Search Images Maps Play YouTube News Gmail Drive More »
Sign in
Screen reader users: click this link for accessible mode. Accessible mode has the same essential features but works better with your reader.

Patents

  1. Advanced Patent Search
Publication numberUS3164452 A
Publication typeGrant
Publication dateJan 5, 1965
Filing dateMay 29, 1961
Priority dateMay 29, 1961
Publication numberUS 3164452 A, US 3164452A, US-A-3164452, US3164452 A, US3164452A
InventorsSyska Andrew J, Westeren Herbert W
Original AssigneeHayes Inc C I
Export CitationBiBTeX, EndNote, RefMan
External Links: USPTO, USPTO Assignment, Espacenet
Method and apparatus for drying a gaseous medium
US 3164452 A
Abstract  available in
Images(2)
Previous page
Next page
Claims  available in
Description  (OCR text may contain errors)

Jan. 5, 1965 3,164,452

METHOD AND APPARATUS vFQR DRYING A GASEOUS MEDUM Filed May 29,- 1961 H. w. wEsTERl-:N ETAL 2 Sheets-Shea?I l Jan. 5, 1.965

l H. w. wEsTEREN ETAL METHOD AND APPARATUS FOR DRYNG A GASEOUS lMEDIUM Filed May 29, 1961 2 Sheets-Sheet 2 my 5 .a W mf #M/ w United States Patent O 3,164,452 METHOD AND APPARATUS FR DRYING A GASEUS MEDIUM Herbert W. Westeren, Barrington, and Andrew J. Syska, Cranston, RJ., assignors to C. I. Hayes,'lnc., Cranston, RJ., a corporation of Rhode Island Filed May 29, 1961, Ser. No. 120,846 8 Claims. (Cl. 55-33) The present invention relates to apparatus for drying a fluid, by the use of a drying agent. More particularly, the present invention relates to desiccant drying apparatus that is adapted to remove moisture from an operating medium, and simultaneously regenerate similar apparatus that is used interchangeably and alternately with the apparatus for processing the operating medium.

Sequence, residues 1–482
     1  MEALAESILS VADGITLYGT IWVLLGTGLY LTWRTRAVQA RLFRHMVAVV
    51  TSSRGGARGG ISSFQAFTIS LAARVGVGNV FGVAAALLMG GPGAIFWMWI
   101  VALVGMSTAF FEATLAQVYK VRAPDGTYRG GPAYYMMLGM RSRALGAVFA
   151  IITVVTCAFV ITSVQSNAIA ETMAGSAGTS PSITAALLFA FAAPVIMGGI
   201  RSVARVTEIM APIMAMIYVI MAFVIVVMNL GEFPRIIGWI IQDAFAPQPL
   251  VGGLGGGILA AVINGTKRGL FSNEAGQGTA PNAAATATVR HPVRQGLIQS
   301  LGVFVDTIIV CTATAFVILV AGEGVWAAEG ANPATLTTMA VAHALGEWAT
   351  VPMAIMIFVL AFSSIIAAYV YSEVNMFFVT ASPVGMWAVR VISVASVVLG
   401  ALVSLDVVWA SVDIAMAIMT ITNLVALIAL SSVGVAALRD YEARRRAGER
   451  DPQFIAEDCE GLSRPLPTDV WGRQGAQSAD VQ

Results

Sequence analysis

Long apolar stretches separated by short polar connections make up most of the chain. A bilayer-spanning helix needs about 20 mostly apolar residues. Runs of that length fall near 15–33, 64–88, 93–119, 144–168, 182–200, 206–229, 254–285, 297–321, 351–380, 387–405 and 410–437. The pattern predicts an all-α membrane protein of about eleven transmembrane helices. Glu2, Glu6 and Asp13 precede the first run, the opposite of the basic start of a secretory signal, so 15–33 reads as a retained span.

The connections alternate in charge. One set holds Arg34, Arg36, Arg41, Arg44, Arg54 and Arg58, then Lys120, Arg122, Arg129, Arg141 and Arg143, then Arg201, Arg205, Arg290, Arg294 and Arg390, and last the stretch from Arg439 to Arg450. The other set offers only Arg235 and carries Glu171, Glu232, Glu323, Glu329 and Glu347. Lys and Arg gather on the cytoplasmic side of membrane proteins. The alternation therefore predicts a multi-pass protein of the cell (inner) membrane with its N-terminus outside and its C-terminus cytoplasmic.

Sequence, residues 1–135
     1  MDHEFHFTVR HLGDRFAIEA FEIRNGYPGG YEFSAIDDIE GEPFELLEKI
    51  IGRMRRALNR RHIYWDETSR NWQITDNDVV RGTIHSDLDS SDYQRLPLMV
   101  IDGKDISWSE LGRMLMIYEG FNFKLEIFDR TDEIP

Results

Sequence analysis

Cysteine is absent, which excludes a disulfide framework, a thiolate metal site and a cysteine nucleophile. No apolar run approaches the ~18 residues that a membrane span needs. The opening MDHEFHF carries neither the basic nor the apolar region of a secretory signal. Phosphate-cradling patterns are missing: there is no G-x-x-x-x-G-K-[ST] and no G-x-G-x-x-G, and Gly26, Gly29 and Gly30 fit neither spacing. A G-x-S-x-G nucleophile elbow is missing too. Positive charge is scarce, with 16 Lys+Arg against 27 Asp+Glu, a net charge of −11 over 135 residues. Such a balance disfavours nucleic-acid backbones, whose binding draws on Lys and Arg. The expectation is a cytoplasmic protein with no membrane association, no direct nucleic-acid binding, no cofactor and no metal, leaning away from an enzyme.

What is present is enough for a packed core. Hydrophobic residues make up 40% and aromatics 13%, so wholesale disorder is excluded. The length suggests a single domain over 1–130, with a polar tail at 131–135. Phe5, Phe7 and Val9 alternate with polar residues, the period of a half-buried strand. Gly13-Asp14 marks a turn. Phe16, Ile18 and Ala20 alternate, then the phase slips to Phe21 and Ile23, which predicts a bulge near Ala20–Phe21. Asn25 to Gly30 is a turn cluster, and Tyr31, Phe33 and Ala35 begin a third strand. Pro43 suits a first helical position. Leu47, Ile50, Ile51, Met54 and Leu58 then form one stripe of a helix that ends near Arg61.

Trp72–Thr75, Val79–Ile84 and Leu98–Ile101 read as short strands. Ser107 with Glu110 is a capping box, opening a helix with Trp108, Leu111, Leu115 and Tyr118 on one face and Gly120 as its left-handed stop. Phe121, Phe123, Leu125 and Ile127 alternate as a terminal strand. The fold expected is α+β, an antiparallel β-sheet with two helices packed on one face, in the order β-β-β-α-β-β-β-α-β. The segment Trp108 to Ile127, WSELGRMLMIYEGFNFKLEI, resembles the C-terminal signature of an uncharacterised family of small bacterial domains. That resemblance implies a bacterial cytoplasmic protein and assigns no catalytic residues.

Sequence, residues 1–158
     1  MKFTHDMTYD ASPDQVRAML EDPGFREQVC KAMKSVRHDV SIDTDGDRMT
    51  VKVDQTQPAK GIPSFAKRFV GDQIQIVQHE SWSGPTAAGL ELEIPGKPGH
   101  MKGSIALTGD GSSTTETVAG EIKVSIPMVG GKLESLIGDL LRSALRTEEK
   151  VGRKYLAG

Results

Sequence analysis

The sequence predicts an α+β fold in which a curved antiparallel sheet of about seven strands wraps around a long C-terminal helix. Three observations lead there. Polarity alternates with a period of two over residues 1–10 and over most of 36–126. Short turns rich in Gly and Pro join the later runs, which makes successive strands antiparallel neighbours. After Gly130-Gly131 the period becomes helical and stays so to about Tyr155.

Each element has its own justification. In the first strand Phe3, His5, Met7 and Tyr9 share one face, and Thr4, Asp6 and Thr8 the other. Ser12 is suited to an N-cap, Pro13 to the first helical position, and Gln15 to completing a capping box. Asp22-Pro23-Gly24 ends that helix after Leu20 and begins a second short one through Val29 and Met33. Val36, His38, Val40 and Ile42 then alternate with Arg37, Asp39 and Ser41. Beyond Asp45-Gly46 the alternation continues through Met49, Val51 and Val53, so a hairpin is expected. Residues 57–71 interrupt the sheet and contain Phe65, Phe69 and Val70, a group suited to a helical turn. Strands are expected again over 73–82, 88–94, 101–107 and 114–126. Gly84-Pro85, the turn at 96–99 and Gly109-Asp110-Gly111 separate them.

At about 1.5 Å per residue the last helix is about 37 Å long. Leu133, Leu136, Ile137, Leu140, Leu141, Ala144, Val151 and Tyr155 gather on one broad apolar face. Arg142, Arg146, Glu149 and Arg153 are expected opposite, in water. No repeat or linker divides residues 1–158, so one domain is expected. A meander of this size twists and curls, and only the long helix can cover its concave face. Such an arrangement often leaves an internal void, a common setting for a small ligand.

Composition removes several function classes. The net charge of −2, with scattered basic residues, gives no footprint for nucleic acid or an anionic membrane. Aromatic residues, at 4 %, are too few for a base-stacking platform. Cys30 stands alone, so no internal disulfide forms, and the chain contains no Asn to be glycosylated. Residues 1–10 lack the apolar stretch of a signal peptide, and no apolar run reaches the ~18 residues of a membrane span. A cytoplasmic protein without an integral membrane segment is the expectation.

The drying apparatus embodied herein utilizes a desiccant type drying agent in the form of a plurality of small pellets that are disposed in packed beds. One of the problems experienced heretofore in drying apparatus of this type was the eilicient regeneration of the drying agent after saturation thereof during the drying cycle. Normally, regeneration is carried out by heating the drying agent for removing the moisture therefrom and then cooling the drying agent so that the apparatus in which it is located may be used once again for thedrying operation. Prior to the instant invention various techniques have been employed for heating the drying agent during the regeneration period, one example of which is the insertion of a heating element directly in the packed bed of `desiccant material. Although this heating method served the purpose of introducing the heat into the drying necessary to withdraw moisture therefrom, the packed bed had a tendency to retain the heat therein, thereby lengthening the cooling cycle. v

In the invention embodied herein, a' plurality of individual tubes containing a drying agent are utilized and are vertically arranged in spaced relation in a vertical work chamber or cylinder and not only increase ow rate characteristics during the drying cycle but further act to reduce the regeneration cycle by enabling the drying agent located therein to be rapidly cooled. The period for the heating and cooling cycles during regeneration are further reduced by the use of the tubes since separately introduced gas into the work chamber may be heated as desired during the regeneration period.